Give .gay to the gays, roars exiting ombudsman
More shenanigans at everyone's favorite non-profit internet monopoly
The independent ombudsman at DNS overseer ICANN has used his last day on the job to fire a broadside over the ".gay" top-level domain.
In a ruling published on his own website, Chris LaHatte argues that the organization's board should reject a recommendation by its own governance committee (BGC) and should grant special community status to one of the four applicants for .gay, effectively handing it control of the registry.
LaHatte argues that a recent acceptance by ICANN that it should incorporate human rights principles into its functioning means that it should negate the circular logic that has led the organization to repeatedly reject Dot Gay LLC's bid.
"I recommend that the board looks at the bigger picture beyond the BGC recommendation," LaHatte wrote, pointing out that the ICANN board is not obliged to follow its governance committee's recommendations. "The board should grant the community application status to the applicant and put an end to this long and difficult issue."
The issue has indeed been long and difficult. It has been nearly five years since Dot Gay LLC – which is endorsed by an enormous number of gay organizations across the globe – applied for the internet extension. It was seen by many as a shoo-in for the special "community" status that was created to enable groups of people to gain control of their relevant online space without having to go up against large corporations.
In .gay's case, the three other bidders are commercial organizations that have applied for, and also run, dozens of other top-level domains.
There was some surprise then when back in 2014, Dot Gay's bid was rejected by the Economist Intelligence Unit (EIU) – which has been hired by ICANN to review community applications – for not being gay enough.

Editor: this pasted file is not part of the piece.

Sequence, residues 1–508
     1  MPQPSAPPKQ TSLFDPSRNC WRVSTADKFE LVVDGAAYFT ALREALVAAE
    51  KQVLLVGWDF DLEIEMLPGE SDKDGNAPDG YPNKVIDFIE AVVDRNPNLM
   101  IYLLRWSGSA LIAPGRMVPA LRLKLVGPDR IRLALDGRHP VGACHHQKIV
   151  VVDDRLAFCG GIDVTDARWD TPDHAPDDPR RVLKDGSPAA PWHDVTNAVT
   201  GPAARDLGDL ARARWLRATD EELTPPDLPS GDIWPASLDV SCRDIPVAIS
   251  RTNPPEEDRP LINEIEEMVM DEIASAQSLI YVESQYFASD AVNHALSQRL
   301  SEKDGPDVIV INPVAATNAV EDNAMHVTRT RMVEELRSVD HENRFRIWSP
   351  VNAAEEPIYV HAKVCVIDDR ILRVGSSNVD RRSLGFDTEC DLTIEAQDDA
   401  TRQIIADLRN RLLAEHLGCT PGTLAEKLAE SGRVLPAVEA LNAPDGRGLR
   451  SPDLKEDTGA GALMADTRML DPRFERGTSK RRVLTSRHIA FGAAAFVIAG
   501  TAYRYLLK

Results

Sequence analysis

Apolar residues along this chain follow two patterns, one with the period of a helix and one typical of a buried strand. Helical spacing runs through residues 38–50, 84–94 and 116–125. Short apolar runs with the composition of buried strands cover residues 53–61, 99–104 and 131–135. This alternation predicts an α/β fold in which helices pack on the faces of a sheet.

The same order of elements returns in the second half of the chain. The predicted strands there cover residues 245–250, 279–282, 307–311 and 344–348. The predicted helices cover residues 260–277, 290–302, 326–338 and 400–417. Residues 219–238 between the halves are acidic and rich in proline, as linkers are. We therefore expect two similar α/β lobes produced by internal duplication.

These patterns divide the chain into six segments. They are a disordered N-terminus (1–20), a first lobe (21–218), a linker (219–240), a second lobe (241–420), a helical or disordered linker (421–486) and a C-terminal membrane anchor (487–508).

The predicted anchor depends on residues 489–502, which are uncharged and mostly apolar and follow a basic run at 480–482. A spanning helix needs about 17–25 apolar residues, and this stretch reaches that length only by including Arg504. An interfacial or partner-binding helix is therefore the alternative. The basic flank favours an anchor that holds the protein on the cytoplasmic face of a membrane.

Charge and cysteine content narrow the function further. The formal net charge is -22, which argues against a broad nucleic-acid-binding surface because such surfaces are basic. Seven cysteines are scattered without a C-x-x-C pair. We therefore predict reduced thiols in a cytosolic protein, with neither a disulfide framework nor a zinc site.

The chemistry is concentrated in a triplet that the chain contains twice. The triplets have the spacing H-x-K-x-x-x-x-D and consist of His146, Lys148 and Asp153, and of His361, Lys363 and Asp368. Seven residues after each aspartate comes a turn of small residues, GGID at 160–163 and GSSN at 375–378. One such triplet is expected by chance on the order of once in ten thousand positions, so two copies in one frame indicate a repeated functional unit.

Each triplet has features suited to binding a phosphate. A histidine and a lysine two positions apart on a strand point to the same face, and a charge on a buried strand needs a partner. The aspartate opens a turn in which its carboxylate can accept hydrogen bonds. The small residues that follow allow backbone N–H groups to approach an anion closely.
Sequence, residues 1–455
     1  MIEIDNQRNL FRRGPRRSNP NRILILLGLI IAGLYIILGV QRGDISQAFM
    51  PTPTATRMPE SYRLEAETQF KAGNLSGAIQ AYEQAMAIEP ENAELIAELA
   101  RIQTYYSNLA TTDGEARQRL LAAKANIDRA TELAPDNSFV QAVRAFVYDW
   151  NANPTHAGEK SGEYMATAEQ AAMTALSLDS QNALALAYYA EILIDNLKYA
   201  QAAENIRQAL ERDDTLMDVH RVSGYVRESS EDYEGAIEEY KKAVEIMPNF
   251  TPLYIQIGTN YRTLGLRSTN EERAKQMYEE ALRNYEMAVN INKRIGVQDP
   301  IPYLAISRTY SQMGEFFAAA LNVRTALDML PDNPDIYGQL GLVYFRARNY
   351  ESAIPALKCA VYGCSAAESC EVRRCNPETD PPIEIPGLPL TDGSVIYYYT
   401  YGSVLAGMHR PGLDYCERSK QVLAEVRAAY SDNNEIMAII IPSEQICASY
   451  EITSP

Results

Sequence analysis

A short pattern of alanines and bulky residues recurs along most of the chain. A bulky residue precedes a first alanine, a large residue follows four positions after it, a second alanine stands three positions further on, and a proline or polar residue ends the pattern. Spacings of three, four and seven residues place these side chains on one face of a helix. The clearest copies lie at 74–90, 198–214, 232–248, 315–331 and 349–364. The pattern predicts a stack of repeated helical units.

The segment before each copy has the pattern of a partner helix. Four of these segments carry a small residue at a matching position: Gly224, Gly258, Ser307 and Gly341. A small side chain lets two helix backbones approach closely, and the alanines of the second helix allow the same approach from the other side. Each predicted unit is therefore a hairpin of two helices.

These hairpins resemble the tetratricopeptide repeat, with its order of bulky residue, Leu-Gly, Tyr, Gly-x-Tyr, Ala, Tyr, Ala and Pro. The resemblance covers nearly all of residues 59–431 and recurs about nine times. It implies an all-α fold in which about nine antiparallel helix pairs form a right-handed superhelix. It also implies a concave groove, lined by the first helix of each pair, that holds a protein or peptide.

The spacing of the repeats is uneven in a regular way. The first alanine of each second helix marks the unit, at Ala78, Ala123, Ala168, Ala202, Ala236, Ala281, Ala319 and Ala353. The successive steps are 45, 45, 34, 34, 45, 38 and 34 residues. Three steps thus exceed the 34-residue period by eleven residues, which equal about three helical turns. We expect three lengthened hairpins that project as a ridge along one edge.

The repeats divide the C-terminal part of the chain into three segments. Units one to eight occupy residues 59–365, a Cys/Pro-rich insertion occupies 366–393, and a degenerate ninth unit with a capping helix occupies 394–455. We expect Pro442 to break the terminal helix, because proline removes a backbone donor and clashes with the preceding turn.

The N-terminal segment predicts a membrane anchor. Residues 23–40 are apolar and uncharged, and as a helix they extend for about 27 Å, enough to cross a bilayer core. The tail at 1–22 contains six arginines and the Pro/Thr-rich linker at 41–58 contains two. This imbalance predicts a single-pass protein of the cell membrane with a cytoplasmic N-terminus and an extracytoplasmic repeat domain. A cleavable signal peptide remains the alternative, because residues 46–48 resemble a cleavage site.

There was no "nexus between proposed string and community," the EIU argued. "The group of self-identified gay individuals globally is estimated to be 1.2 per cent of the world population (more than 70 million), while the application states that the size of the community it has defined ... is 7 million. This difference is substantial and is indicative of the degree to which the applied-for string substantially over-reaches beyond the community."
What made the decision all the more peculiar was that the EIU approved community applications for a number of other names that were clearly commercial entities – and so appeared to be undermining the entire idea behind the community status. Among those approved were .radio, .hotel and .Osaka.
In response, Dot Gay appealed to ICANN's "reconsideration committee" – which, despite its name, doesn't actually reconsider decisions but simply checks whether the procedures have been followed – and used the fact that no fewer than 54 letters of support for its application had not been properly evaluated. ICANN agreed and ordered a re-evaluation.
That re-evaluation came back an extraordinary nine months later and again denied the application, this time because the exact same application was too gay.
"To receive a partial score for Nexus, the applied-for string must identify the community ... 'Identify' means that the applied-for string closely describes the community or the community members, without over-reaching substantially beyond the community," said the evaluators' decision.
Amazingly, the EIU – which rarely if ever deals with anything other than economic data – decided that the word "gay" could only be used to apply to homosexual men and women, but noted that the Dot Gay application defined "gay" as covering men, women, transgender and intersex individuals. As such, it argued, the application was overly broad.